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Latest and Breaking Social Behavioral News

New study reveals limited public understanding of dementia globally
(Trinity College Dublin) Believing that dementia is a normal part of aging is the most common misconception about dementia, according to a new global study conducted by Irish researchers.

Study: Burnout impacts transplant nurses
(Henry Ford Health System) More than half of nurses who work with organ transplant patients in the United States experience high levels of emotional exhaustion, a primary sign of burnout, according to a study published by researchers at Henry Ford Hospital.

Griffith nursing researcher honored by prestigious academy
(Griffith University) Professor of Nursing, Claire Rickard from Griffith University has been made a Fellow of the Australian Academy of Health and Medical Sciences. This is the first year the honor has been extended to nurses.

The science of retweets
(University of Maryland) What's the best time to tweet, to ensure maximum audience engagement? Researchers at the University of Maryland have demonstrated that an algorithm that takes into account the past activity of each of your followers -- and makes predictions about future tweeting -- can lead to more 'retweets' than other commonly used methods, such as posting at peak traffic times.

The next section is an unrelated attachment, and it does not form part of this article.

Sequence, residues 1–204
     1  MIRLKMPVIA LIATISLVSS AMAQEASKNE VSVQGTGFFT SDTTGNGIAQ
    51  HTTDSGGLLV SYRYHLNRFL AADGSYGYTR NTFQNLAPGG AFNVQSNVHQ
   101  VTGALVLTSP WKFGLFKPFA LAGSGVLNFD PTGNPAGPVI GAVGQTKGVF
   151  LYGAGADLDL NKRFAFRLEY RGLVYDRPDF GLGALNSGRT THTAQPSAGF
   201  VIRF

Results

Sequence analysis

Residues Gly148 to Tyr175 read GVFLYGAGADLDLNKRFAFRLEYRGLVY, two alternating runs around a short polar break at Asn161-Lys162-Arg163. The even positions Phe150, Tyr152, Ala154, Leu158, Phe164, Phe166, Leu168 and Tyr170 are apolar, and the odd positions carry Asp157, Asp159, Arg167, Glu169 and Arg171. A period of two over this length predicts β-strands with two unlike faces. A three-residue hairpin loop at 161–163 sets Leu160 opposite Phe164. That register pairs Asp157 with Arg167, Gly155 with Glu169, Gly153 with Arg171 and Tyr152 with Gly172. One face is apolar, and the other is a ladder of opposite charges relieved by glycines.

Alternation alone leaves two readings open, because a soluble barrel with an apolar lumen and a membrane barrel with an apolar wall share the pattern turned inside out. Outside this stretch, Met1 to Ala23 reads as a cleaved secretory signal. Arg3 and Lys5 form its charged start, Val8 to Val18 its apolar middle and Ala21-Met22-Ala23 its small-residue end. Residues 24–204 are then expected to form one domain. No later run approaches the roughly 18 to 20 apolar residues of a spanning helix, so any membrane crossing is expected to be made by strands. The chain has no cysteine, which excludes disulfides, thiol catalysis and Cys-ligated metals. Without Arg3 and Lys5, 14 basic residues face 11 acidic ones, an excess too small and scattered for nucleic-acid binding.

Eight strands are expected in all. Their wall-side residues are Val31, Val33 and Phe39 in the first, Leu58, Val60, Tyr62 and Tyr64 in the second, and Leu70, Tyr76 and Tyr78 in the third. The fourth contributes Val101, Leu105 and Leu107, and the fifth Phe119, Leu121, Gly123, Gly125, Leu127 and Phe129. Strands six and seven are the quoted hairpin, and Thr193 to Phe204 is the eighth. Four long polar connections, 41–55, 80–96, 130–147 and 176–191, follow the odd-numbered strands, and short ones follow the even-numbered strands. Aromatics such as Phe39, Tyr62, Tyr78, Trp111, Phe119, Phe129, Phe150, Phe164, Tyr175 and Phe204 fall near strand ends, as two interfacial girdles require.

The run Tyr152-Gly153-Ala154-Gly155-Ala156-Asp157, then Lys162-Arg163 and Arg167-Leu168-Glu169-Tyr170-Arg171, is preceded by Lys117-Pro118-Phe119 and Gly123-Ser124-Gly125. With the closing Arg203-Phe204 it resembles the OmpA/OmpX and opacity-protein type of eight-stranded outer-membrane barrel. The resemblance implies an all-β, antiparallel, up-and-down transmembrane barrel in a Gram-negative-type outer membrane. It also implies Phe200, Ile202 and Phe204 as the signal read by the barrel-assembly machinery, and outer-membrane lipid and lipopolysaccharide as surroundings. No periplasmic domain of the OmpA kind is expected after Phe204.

Rebates a cost-effective way to boost healthy eating among low-income people, study finds
(University of Illinois at Urbana-Champaign) Nationwide expansion of USDA's Healthy Incentives Pilot would promote purchase, consumption of fruits, vegetables, and slightly increase longevity of SNAP recipients.

Predicting which soldiers will commit severe, violent crimes
(Harvard Medical School) A new report shows that a machine learning model using Department of Defense and Army administrative records was able to identify in advance the 5 percent of US Army soldiers serving from 2004 to 2009 who later committed more than one-third of all major Army workplace violent crimes over that time period.

New human ancestor's feet resemble our own, Dartmouth scientist finds
(Dartmouth College) As a specialist in fossil feet, Dartmouth anthropologist Jeremy DeSilva has scrutinized Homo naledi, the latest addition to the human ancestral lineage, which was announced Sept. 10.

We Robot 2016 April 1-2 at University of Miami
(University of Miami) We Robot 2016 is a conference at the intersection of the law, policy, and technology of robotics, to be held in Coral Gables, Florida on April 1-2, 2016. We Robot is now in its fifth year, returning to the University of Miami School of Law after being hosted by the University of Washington Stanford Law School last April. The conference website is

NSF PIRE grant to translate science of language learning to education
(Penn State) Speaking two or more languages makes minds more open to learning and more flexible, and a $5 million dollar grant over five years from the National Science Foundation's Partnerships in International Research and Education aims to translate the science of language learning for education and the classroom.

If relationships are good -- positive, negative humor by leaders improves job satisfaction
(University of Missouri-Columbia) Past research about the use of humor by leaders suggests that positive humor should result in happier subordinates who are satisfied with their jobs. Conventional wisdom also suggests that leaders should avoid negative humor. Now, a study from the University of Missouri has found that the relationship between leader-humor and job satisfaction is dependent on the quality of the relationship between leaders and their subordinates not the positive or negative tone of the leader's humor.

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